Politecnico di Torino (logo)

Development and validation of a Vortex Particle code to evaluate Rotor and Propeller Performance

Francesco Bellelli

Development and validation of a Vortex Particle code to evaluate Rotor and Propeller Performance.

Rel. Domenic D'Ambrosio, Manuel Carreno Ruiz. Politecnico di Torino, Corso di laurea magistrale in Ingegneria Aerospaziale, 2022

PDF (Tesi_di_laurea) - Tesi
Licenza: Creative Commons Attribution Non-commercial No Derivatives.

Download (4MB) | Preview

The efficiency of a lifting surface depends, among various things, on the downstream wake. In addition, the overall efficiency of an aircraft is strongly influenced by the wake of the lifting surfaces itself. This effect is evident if we consider the topic of propeller-based vehicles, which is nowadays widely gaining momentum in the community. Due to this increasing interest in the electric distributed propulsion for urban air mobility and UASs, it is relevant to find a fast yet reliable tool, to evaluate the performance of such propellers. Nevertheless, analyzing the flow field downstream of the propeller is a complex and time-demanding task, especially in the early stages of the design process, where an incorrect evaluation of these effects may have repercussions on many aspects of the project. This thesis proposes a relatively fast yet accurate algorithm to evaluate the flow field downstream of the propeller, based on the Vortex Particle Method, which became popular in the early 90s. The calculation performed by this method, the N body problem, involves a computational cost proportional to the square of the number of particles. In order to reduce the computational cost to one that is proportional to the number of particles, I implemented a Fast Multipole Method algorithm (FMM). FMM represents a vital tool to achieve acceptable computation times and possibly represents the key feature that makes this code a great compromise between the accuracy and the computational time. I have studied the integration of the FMM algorithm, written in C++, and the VPM code, written in MATLAB, to ensure that the communication between both codes does not represent a problem. In addition, I performed several simulations to check both the temporal advantage in the usage of the FMM and the method's accuracy. Moreover, throughout the entire work, I did a thorough validation and verification to ensure the best accuracy of the models used and the correct behavior of the code under all the possible configurations, both for the VPM code itself and the FMM integration. I am currently working on coding the tool into a stand-alone APP with a simple and understandable graphic user interface (GUI) to easily allow any user to use this code, even without a MATLAB license. This will help the diffusion of the code in the scientific community.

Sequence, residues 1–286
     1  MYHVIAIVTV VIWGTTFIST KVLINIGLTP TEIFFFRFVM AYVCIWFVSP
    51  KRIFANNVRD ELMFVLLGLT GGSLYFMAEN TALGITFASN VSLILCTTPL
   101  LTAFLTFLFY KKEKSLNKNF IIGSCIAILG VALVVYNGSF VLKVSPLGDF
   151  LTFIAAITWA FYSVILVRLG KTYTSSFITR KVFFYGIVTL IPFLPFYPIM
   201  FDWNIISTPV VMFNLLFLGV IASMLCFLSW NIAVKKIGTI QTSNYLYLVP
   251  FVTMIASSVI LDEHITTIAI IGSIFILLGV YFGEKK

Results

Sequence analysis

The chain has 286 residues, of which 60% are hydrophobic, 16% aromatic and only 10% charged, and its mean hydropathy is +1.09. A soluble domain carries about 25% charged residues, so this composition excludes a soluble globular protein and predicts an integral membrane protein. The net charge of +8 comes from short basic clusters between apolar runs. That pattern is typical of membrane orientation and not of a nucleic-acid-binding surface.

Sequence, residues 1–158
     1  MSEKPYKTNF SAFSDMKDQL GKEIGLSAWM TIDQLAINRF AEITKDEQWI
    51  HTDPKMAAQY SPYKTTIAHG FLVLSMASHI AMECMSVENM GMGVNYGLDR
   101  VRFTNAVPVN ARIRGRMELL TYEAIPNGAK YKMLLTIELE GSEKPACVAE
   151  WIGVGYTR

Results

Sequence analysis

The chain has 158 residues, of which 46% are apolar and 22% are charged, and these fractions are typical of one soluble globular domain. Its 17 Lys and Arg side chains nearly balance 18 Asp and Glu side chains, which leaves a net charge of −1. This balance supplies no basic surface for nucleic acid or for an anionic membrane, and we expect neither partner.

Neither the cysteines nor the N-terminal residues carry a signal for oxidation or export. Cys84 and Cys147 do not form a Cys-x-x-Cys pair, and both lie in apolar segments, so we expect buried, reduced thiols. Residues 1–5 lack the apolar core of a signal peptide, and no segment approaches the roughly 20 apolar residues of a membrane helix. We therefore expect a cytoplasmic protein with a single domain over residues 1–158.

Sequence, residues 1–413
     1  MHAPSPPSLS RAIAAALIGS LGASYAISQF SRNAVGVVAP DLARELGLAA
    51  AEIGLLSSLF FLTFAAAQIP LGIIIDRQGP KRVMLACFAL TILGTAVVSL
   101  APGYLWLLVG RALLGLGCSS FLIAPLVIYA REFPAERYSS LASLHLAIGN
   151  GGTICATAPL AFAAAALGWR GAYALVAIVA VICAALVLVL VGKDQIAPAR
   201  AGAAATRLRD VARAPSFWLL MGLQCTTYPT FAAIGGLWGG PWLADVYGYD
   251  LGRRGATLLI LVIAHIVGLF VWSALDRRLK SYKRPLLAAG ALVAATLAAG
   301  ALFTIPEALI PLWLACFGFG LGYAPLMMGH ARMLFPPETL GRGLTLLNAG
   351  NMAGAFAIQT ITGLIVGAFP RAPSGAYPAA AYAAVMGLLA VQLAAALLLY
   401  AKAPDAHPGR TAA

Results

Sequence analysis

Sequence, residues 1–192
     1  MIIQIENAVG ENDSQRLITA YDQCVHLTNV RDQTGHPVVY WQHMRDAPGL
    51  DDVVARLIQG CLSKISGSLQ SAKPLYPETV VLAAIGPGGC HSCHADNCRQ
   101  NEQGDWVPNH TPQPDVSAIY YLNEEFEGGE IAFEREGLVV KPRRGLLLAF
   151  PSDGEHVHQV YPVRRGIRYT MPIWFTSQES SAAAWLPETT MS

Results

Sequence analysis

Relators: Domenic D'Ambrosio, Manuel Carreno Ruiz
Academic year: 2021/22
Publication type: Electronic
Number of Pages: 126
Corso di laurea: Corso di laurea magistrale in Ingegneria Aerospaziale
Classe di laurea: New organization > Master science > LM-20 - AEROSPATIAL AND ASTRONAUTIC ENGINEERING
Aziende collaboratrici: UNSPECIFIED
URI: http://webthesis.biblio.polito.it/id/eprint/23364
Modify record (reserved for operators) Modify record (reserved for operators)